They critique your work. They delegate responsibility. They talk over you in meetings.
They’re the coworker who acts like your boss—and they’re far too common in today’s workplace. Some mean well and genuinely want to move projects forward. Others are downright bullies.
“Sometimes they’re making themselves look better. Sometimes it’s their own anxiety or need to control. They’re not comfortable in a grey area and if the boss is leaving a leadership vacuum, they take it upon themselves to create structure,” said Ilene Marcus, a workplace expert who mentors on boss-subordinate dynamics and wrote a book called Managing Annoying People.
Gone unchecked, bossy peers can be a major hindrance to an organization. It can make some employees feel inferior or trapped. In fact, negative interactions at work have far more influence than positive ones, according to a study by Georgetown professor Christine Porath and Alexandra Gerbasi and Andrew Parker from Grenoble École de Management in France. They found that just one negative interaction has four to seven times the influence of a positive interaction. That leads to less information sharing, low motivation and decreased performance.
“Uncivil or de-energizing relationships at work are extremely costly to you, your team and organization,” said Porath. “These relationships have a way of infecting others and their productivity as well.”
If you’re bothered by a bossy coworker, ask yourself why. Are you upset they’re taking charge because you want to take charge yourself? Are you mad that it’s making them—not you—look impressive to upper management? Or are you just genuinely upset that your decision-making ability is being usurped and you don’t like how they’re talking to you? If it’s the latter—you’ve got reason to gripe.
Whatever your motivation, these 10 strategies can help you deal with bossy coworkers and help you reclaim your decision-making power (and happiness) at work.
Ask why they’re acting like the boss. You want to clarify that you are, indeed, peers. But you don’t want to come off like a crybaby. So posing a basic question to them is a good start: Is there a reason you’re acting like the boss? “Just ask the question,” said Marcus. “Maybe they don’t even know they’re doing it.”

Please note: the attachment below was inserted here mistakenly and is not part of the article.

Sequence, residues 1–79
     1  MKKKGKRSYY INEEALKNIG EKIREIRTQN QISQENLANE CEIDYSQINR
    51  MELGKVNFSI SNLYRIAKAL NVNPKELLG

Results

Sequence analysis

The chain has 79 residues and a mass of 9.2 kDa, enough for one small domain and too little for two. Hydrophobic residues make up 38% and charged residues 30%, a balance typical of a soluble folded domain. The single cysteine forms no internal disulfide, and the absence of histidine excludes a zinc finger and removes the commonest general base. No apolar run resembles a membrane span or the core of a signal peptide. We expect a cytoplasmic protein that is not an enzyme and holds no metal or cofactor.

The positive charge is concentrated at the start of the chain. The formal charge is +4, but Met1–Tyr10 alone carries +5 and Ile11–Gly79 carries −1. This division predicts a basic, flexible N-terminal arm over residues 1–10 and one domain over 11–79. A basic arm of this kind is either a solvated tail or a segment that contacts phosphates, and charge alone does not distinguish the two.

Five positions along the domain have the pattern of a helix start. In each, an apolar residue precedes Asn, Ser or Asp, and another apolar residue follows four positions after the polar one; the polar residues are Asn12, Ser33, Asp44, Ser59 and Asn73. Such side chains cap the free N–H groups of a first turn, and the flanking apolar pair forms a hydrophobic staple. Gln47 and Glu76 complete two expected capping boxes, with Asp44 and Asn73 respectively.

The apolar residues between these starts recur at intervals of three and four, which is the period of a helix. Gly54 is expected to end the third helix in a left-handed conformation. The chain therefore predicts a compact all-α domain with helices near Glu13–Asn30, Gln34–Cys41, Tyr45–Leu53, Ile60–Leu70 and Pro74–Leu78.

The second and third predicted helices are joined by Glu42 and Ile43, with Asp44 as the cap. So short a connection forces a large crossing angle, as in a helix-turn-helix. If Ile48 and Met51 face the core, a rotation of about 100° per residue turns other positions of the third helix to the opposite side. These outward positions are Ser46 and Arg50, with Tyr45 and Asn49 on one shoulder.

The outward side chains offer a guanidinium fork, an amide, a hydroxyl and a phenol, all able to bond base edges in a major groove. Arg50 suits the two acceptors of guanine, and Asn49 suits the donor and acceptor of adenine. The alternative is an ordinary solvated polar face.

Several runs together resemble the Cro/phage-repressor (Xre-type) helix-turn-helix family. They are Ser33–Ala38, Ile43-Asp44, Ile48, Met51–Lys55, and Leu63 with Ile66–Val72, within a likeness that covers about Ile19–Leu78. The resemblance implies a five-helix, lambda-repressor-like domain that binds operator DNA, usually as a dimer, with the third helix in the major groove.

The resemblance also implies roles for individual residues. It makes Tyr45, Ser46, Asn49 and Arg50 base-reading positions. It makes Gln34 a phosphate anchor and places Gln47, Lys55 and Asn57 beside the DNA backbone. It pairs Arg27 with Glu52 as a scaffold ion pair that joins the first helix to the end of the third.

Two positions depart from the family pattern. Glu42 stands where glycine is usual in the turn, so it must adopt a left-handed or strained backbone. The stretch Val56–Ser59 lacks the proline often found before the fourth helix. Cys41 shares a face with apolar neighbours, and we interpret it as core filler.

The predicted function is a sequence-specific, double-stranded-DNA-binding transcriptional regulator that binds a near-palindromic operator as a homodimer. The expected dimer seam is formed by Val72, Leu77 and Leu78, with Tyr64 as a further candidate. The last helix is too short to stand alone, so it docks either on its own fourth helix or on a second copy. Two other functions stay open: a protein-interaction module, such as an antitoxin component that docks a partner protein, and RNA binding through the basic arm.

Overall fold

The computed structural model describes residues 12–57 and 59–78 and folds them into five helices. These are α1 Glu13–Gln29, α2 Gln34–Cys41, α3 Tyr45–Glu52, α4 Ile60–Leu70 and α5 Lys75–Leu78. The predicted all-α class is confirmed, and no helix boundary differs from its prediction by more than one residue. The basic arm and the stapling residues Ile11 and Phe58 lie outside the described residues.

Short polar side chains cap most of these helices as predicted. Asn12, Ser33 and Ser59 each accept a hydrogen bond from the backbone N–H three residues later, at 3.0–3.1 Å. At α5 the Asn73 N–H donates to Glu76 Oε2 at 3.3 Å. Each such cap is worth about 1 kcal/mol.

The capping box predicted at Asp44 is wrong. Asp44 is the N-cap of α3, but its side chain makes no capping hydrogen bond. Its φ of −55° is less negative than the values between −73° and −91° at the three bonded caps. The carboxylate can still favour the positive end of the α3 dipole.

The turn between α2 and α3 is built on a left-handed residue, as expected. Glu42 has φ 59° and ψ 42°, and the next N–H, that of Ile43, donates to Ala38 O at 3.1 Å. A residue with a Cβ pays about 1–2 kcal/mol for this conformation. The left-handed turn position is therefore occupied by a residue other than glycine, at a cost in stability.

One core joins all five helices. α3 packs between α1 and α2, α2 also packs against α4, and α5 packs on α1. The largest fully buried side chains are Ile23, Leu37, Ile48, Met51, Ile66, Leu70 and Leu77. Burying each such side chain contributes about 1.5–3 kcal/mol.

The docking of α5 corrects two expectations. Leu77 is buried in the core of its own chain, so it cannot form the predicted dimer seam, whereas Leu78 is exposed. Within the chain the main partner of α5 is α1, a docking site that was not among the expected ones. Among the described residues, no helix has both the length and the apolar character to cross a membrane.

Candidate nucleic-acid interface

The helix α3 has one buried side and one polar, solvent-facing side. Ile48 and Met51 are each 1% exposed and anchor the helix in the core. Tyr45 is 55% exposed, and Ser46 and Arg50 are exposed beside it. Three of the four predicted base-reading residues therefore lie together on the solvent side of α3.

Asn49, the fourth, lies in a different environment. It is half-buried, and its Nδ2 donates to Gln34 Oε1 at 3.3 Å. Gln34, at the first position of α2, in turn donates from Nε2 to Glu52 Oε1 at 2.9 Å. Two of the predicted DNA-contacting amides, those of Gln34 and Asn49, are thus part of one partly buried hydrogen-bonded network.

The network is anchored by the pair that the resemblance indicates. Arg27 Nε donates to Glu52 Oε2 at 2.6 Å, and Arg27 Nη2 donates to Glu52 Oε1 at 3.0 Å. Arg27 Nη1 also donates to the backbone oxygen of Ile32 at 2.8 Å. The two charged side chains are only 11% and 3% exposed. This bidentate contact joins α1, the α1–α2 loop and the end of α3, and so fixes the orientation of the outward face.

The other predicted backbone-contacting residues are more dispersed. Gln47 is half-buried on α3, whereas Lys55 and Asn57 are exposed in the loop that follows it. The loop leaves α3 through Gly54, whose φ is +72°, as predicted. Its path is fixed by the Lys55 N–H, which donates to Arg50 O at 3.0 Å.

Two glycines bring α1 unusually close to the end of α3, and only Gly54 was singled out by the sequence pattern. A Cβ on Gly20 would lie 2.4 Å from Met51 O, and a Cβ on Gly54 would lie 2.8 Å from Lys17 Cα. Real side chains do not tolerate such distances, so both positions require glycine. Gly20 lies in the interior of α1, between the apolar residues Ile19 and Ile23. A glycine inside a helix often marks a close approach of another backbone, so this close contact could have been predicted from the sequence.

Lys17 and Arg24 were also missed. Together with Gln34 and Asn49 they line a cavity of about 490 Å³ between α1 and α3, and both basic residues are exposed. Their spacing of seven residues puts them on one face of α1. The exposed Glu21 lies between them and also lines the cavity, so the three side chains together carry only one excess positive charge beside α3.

Get coffee or drinks together. Maybe they just simply don’t trust you to do a good job. So get to know them a bit more. Grab some coffee together. Go out for a few beers. Eat lunch together. You’ll be shocked by how much one-on-one time can strengthen your relationship.
Use reflective listening. When they say “you’re going to see client A on Tuesday” just repeat that back to them with a little twist: “so you’re telling me that I’m going to see client A on Tuesday?” Play that game a little and “they will start to realize you don’t want to be told,” said Marcus. “They may not hear themselves. When you use reflective listening, they understand they’re being bossy.”
Use “you” statements. You may have learned to use “I” statements to communicate with your manager. For example: “I feel like I’m being treated poorly” or “I feel like my ideas aren’t being considered.” When you’re equals, “you” statements perform much better. Say things like: “Why do YOU feel like you’re in charge of this project?” “Why are YOU talking to me like that?”
Invite them to lead a project with you. Explain to your bossy peer that you don’t perform best when being told what to do. Explain that you’re both looking for the same positive result—and offer to lead a project together.
Bring them back to the common goal. Let’s say you’re updating your company website. A good way to communicate that you’re not feeling their bossy vibe is to say: “we’re all here to make the website as great as possible, but I’m not feeling that motivated if you’re telling me what to do.” That can help show them you’re looking for a more collaborative approach. “Sometimes it’s a style thing and they don’t realize it unless they’re getting specific feedback,” said Julie Jansen, speaker, coach and author of I Don’t Know What I Want, But I Know It’s Not This: A Step-by-Step Guide to Finding Gratifying Work.
Find other coworkers they’re bossing around. If they’re bossing you around, chances are they’re doing it to other people too. So ask around. “Hey, is Larry giving you assignments too?” That can help you gain valuable input to get your independence back.
Find a coworker they don’t boss around and have them coach you. They’re likely not bossy with everyone. Is there’s someone else that seems to handle this bossy coworker well, ask them for some advice.
Go to the actual boss. Ask the person who’s actually in charge for clarification on roles and responsibilities. Tell them “Larry doled out the assignments. Is this what you expected?” and see what the reaction may be.
Stop beating around the bush. At some point, you’ve got to be direct. Saying things like “did you hear how you just spoke to me?” or “why are you barking orders at me?” can help bring the problem to the forefront—and hopefully you can lead a constructive discussion afterwards. “Unfortunately, I don’t think people do that,” said Jansen. “They just get upset or defensive, go behind person’s back and complain about it. Or they wait until a boiling point and snap.”